Daniels keeps Beacons flying high

 (Tim Brule)

As my plane taxied out from the gate at Houston’s George Bush International airport this afternoon, I almost found it ironic that we were destined to take off from Runway 9 on my flight to Milwaukee; ironic, because just that morning in a conversation with Massachusetts-Boston coach Peter Belisle, the discussion revolved around a certain number 9, junior Travis Daniels, and his motor being a big part of why the Beacons have taken off in the ECAC East this year.

“Wow, what can I say about Travis,” said Belisle. “He really is our best offensive player, but more than that he has a motor that just revs every time he steps out on the ice. It doesn’t matter the situation, he just is high energy and high impact all the time. He plays in every situation, be it the power play, penalty kill, a crucial defensive zone face-off. He may be only 5 foot 7 inches, but his game and impact are definitely much bigger than that for our team.”

Daniels leads the team in scoring with 10 goals and 22 assists for 32 points so far on the season. He has three power-play goals to his credit, and four game-winning tallies for the nationally-ranked Beacons. His coach and teammates see him as a catalyst for making things happen on the ice, and his coach sees the player making some decisions easier for him from behind the bench.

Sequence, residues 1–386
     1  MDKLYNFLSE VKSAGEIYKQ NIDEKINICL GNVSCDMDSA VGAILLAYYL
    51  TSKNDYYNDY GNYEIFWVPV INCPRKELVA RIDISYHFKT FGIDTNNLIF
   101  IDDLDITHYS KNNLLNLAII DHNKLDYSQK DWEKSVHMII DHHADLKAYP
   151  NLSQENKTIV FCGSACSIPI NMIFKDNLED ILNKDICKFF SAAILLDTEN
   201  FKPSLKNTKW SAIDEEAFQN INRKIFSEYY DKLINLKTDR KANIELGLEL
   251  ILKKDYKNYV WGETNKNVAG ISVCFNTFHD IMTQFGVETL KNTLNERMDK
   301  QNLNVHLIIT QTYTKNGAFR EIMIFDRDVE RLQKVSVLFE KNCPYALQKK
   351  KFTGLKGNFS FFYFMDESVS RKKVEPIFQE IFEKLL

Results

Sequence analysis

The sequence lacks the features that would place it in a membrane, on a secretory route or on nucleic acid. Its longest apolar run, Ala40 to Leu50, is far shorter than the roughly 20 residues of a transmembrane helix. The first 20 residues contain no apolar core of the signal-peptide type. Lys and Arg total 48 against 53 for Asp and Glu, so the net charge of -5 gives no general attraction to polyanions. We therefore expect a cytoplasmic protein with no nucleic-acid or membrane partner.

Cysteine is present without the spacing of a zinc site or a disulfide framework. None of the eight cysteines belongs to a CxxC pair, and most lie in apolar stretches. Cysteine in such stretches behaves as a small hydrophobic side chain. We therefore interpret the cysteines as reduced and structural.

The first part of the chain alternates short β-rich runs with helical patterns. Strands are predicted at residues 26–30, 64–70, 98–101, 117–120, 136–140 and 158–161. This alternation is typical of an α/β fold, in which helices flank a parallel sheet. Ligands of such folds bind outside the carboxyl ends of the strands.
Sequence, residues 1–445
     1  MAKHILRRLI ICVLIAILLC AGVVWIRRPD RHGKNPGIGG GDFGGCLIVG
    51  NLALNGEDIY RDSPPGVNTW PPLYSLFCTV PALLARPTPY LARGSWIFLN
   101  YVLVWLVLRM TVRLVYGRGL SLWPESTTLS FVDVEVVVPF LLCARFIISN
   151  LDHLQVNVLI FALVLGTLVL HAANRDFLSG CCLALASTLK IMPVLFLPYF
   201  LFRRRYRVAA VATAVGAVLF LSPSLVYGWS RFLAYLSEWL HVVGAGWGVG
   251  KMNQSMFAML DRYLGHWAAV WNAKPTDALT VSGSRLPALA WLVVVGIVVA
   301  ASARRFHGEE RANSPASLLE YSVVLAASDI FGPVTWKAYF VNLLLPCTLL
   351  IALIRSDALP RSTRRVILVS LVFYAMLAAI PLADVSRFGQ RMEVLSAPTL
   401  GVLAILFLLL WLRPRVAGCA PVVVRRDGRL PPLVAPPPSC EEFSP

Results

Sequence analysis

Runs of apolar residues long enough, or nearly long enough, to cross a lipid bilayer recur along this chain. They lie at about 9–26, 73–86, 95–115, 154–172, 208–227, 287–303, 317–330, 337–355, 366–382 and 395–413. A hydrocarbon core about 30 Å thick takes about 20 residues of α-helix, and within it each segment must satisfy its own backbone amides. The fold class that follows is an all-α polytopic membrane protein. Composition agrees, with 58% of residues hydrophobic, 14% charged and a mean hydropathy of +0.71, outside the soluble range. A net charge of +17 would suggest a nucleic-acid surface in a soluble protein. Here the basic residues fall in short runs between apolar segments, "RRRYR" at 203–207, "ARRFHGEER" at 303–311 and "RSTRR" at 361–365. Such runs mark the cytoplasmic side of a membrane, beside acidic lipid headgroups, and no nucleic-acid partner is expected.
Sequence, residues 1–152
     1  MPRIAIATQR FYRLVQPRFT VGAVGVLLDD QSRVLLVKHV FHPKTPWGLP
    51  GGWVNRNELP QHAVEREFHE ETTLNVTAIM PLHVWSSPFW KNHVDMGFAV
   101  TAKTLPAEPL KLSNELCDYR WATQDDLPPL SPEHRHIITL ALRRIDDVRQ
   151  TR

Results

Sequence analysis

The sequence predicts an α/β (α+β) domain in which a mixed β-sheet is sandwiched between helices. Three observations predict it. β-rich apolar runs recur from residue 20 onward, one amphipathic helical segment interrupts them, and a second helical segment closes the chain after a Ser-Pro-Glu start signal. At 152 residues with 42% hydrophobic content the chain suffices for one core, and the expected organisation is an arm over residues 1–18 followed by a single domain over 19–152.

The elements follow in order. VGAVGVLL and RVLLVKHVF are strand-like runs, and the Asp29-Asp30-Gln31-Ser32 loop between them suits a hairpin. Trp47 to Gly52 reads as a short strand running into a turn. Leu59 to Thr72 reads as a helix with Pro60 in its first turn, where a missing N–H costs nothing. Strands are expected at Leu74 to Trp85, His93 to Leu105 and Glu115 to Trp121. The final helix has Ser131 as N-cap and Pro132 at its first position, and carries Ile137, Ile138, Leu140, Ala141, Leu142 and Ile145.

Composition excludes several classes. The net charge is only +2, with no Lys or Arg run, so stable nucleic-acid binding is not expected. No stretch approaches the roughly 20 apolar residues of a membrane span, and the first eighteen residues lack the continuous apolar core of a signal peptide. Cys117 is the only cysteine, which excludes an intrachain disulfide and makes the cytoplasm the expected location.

“We are so much more offensive-minded this year,” noted Belisle. “That certainly has forced me to take a look at some decisions about how we play the game and some of the things we do within the system. Most teams have a number one line, and I would argue that we may have two number one lines. Travis is a big part of the first unit with Mike [DeGrazia], and the freshman line has really asserted itself into a very dangerous group that can produce goals for us offensively. Sometimes, I have to just let them go out there and do their thing, but I always know with Travis that he will make good decisions and make every shift on the ice a productive one for our team. The way he plays, and his ability to do a lot of different things on the ice, makes the decision to put him out there in a lot of different game situations a no-brainer from a coaching perspective. He brings great intensity to the rink every day, whether it’s practice or a game, and it’s contagious with the rest of the team.”

Last week, the Beacons took four points from two road games against two quality opponents battling for a home-ice playoff berth in the ECAC conference tournament. The differences in facilities and style of play between Skidmore and Castleton are challenging enough, but Belisle was very impressed with how his team has responded at the most important time of the year to the pressures of the end of the regular season and pending playoffs.